New to Bullseye? Subscribe to our podcast in iTunes or with your favorite podcatcher to make sure you automatically get the newest episode every week.

And if you're looking for a particular segment to listen to or share, check us out on Soundcloud.


Photo: Monty Fresco/Hulton Archive/Getty Images

What Happened, Miss Simone? Liz Garbus Explores the Passionate Life of Nina Simone

Nina Simone pursued freedom in her politics, her music and her personal life. Yet, it was something that often eluded her when she wasn’t on stage. Struggles with bi-polar disorder, a complex and often violent marriage and a legacy of racism caused her great pain, but these same things also shaped her into one of the most quintessential performers of her generation.

Filmmaker Liz Garbus’ documentary, What Happened, Miss Simone?, reveals the life of the performer using an exhaustive collection of archival material, interviews and even excerpts from Simone’s personal diaries. The result is a film that reveals an artist in all her complexity, a woman whose ability to be simultaneously vulnerable and powerful helped define her as a voice of her generation.

Garbus joins us to discuss Simone’s beginnings as a child prodigy in the Jim Crow south; how the civil right moment changed Simone’s professional and personal life; and how the contradictions that make a human being made Nina Simone truly unforgettable.

Liz Garbus’ film What Happened, Miss Simone? is now available to stream on Netflix.

If you liked this, let someone know! Click here to share this interview with a friend.

Oliver Wang on the Rise of the Filipino Mobile DJ Crews

If you don't know about the dozens of Filipino mobile DJ crews that rocked garage parties, weddings, birthdays, school dances and showcases in the Bay Area during the 1970s to 1990s, you're not alone. The DJs who made up these crews were mostly teenagers, initially inspired by what they heard and saw at nightclubs. They even tended to fly under the radar at school or outside of their Filipino communities. Yet their work is an important, if understudied part of the history of turntablism.

Academic, journalist and DJ Oliver Wang spent nearly fifteen years researching and interviewing these crews to spotlight a scene that created a foundation for famed scratch DJs like DJ Qbert, Mix Master Mike and DJ Shortkut. Wang's new book on the subject is called Legions of Boom.

Wang joins us to talk about what these mobile DJs borrowed from the discos of the 1970s, how continuous mixing ensured the party would go on, and why the California-style two car garage became the perfect place for that party.

Legions of Boom: Filipino American Mobile DJ Crews in the San Francisco Bay Area is available now. You can hear Oliver Wang on our pop culture sister podcast, Pop Rocket, every week.

If you liked this, let someone know! Click here to share this interview with a friend.

The Outshot: The Promise of Summer

Jesse explains how The Hold Steady's "Constructive Summer" seems to capture the season's essence.

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Bullseye with Jesse Thorn: Shamir & Pete Rock

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Show: 
Bullseye
Guests: 
Pete Rock
Guests: 
Shamir

New to Bullseye? Subscribe to our podcast in iTunes or with your favorite podcatcher to make sure you automatically get the newest episode every week.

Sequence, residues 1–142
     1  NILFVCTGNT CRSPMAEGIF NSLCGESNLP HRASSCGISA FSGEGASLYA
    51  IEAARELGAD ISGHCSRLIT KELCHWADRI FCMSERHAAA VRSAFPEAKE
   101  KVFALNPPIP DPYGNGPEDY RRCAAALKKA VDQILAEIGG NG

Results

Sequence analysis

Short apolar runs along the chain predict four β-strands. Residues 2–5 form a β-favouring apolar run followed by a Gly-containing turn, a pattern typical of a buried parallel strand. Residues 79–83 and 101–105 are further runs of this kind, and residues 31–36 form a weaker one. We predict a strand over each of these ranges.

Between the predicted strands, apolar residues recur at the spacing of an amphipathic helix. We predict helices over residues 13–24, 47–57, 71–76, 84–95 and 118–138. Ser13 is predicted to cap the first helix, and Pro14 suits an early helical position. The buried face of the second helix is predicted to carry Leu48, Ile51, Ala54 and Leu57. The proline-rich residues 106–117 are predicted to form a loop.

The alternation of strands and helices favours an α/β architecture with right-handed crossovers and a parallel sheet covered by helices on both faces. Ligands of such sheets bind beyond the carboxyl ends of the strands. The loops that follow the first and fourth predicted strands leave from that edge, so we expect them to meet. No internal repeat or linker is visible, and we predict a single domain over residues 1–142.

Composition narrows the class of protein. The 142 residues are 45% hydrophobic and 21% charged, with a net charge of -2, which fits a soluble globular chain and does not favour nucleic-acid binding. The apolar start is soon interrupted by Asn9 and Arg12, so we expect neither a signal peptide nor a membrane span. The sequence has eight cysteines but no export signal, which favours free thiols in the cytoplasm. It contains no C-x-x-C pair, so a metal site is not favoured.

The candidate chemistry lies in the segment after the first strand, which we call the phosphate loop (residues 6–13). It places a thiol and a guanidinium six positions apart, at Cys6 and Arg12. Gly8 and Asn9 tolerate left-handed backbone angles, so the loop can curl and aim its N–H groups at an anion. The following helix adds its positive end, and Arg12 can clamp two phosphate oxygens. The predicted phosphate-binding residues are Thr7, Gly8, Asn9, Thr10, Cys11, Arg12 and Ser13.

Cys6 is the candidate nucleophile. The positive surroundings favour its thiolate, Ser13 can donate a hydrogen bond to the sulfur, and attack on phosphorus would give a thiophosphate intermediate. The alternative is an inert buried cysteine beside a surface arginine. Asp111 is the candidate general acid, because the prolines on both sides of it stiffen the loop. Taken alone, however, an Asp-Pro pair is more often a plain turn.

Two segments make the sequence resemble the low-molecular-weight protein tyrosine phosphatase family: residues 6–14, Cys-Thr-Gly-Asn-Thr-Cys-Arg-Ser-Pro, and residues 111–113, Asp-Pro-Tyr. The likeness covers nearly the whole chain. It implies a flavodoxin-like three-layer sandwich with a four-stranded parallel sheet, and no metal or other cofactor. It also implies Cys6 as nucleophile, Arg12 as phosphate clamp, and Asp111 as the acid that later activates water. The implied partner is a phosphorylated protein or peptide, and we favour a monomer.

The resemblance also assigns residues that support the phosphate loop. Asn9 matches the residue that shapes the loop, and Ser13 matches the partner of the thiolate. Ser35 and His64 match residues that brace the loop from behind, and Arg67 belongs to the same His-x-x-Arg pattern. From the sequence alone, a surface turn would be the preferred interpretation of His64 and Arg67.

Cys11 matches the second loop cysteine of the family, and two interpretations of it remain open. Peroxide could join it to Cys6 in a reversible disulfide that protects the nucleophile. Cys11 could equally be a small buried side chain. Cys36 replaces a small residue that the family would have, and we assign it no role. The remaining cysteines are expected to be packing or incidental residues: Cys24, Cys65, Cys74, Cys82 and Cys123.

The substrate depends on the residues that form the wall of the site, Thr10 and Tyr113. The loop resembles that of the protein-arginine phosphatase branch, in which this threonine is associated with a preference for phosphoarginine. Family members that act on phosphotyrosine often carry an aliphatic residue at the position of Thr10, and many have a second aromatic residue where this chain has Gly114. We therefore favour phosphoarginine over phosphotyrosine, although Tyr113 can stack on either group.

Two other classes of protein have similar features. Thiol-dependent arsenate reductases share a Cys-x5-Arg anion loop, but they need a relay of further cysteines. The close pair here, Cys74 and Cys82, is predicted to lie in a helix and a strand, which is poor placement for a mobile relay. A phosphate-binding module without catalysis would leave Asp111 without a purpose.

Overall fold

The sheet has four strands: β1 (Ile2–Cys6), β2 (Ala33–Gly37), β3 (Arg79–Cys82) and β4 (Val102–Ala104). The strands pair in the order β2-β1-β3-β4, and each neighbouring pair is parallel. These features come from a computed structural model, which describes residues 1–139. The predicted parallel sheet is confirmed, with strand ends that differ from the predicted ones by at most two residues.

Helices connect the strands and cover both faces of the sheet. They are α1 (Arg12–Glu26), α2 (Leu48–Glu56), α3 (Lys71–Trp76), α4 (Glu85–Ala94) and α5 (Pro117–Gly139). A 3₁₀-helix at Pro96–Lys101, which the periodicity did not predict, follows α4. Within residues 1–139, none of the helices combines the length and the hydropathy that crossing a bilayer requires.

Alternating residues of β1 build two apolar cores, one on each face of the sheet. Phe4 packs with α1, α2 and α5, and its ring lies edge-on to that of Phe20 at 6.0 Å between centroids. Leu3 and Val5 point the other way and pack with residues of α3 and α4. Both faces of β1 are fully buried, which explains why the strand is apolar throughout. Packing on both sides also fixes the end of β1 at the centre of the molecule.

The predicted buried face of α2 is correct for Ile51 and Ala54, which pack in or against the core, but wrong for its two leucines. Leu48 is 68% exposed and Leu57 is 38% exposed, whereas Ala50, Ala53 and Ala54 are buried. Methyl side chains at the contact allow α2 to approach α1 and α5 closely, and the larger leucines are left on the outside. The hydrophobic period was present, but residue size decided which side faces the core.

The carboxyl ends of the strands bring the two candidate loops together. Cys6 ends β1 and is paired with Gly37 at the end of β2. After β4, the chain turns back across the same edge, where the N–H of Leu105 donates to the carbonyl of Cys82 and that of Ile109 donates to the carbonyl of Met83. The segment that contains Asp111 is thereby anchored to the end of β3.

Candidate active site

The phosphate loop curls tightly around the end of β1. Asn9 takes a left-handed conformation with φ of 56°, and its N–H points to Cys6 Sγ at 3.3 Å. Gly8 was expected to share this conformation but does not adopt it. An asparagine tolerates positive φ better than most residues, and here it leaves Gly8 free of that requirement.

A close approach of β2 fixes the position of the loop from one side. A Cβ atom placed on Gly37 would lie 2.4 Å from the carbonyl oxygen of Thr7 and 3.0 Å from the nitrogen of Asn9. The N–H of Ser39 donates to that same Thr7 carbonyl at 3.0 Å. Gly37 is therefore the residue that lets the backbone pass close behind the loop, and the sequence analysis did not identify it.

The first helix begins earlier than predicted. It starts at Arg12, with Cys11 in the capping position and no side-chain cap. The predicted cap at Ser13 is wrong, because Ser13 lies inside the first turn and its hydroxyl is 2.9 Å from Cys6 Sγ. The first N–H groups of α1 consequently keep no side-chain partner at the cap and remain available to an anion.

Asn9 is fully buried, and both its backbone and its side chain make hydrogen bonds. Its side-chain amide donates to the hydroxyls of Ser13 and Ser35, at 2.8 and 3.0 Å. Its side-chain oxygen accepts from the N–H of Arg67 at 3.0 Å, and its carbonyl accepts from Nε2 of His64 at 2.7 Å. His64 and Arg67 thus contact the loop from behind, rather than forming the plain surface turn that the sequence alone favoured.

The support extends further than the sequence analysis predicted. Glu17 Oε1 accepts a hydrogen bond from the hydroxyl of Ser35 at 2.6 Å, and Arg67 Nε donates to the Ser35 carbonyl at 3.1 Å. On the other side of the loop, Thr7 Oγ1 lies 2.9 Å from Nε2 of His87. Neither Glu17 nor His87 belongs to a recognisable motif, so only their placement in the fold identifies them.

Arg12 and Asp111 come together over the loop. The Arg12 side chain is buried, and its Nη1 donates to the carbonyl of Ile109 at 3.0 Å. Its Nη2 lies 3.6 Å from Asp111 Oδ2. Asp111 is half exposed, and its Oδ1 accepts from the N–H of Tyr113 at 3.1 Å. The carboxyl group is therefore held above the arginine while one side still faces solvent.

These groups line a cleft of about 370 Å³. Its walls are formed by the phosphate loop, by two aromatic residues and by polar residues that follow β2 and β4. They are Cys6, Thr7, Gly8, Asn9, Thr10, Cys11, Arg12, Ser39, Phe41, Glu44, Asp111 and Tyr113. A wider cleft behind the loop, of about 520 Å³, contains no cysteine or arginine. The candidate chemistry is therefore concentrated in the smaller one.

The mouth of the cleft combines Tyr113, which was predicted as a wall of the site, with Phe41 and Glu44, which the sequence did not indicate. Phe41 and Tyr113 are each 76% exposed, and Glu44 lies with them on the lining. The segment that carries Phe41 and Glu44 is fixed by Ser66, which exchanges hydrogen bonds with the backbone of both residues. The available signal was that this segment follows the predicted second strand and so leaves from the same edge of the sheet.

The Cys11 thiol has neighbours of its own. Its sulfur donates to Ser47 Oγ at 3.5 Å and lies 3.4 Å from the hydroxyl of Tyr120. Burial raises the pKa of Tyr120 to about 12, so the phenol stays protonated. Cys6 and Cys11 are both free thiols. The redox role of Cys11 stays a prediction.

And if you're looking for a particular segment to listen to or share, check us out on Soundcloud.

Shamir: Adding Light to Darkness With His Music

Shamir is a musician who is really hard to pin down…literally. His countertenor voice adds a distinctive flair to his infectious, sometimes poignant dance music but it’s a quality that’s also led to confrontations with classmates who were unaware of his Taekwondo training.

With his debut LP, Ratchet, Shamir draws inspiration from his life in Las Vegas, a Vegas that has nothing to do with The Strip. Instead, it’s a different Vegas that includes tumbleweeds and the distinctive odor of a hog farm. It’s a life that touches on the passion of youth, but also explores the pain of age and loss.

As Shamir describes it, “I kind of decided to make my music more danceable and lighthearted to take away from the heaviness of the lyrics. Because why not, why does your music also have to be heavy if your lyrics are?”

Shamir joins us this week to share: how he has constructed a creative identity in a city known for producing more entertainers than artists; how his love for country music inspired him; and how his mother’s proclivity for earth magic isn't quite his thing.

Shamir's newest album is called Ratchet. He's embarking on a U.S. tour this fall. You can find more on his website.

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Photo: Larry Busacca/Getty Images Entertainment/Getty Images

Hip Hop Producer Pete Rock on Finding & Shaping the Perfect Sample

The revolutionary hip hop producer Pete Rock grew up in a house full of records, mentally cataloging the songs that excited him. His parents listened to all kinds of music, from jazz to classical to funk. Years later, he would reach back into his brain and record collection to select and transform the perfect sample.

He started out as half of the hip-hop duo Pete Rock and CL Smooth, later going solo and collaborating with and producing for many of the biggest names in rap, from Nas to Kanye West.

Pete Rock joins us to talk about his earliest music memories, meeting James Brown as an elementary-schooler, and how he took a sample from an album called "The Honeysuckle Breeze" and used it to create a classic hip hop track.

Pete Rock's new album of instrumentals is Petestrumentals 2.

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The Outshot: Summertime Jams

Jesse counts down his top five Summertime jams.

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Bullseye with Jesse Thorn: Judy Greer & Ishmael Butler of Shabazz Palaces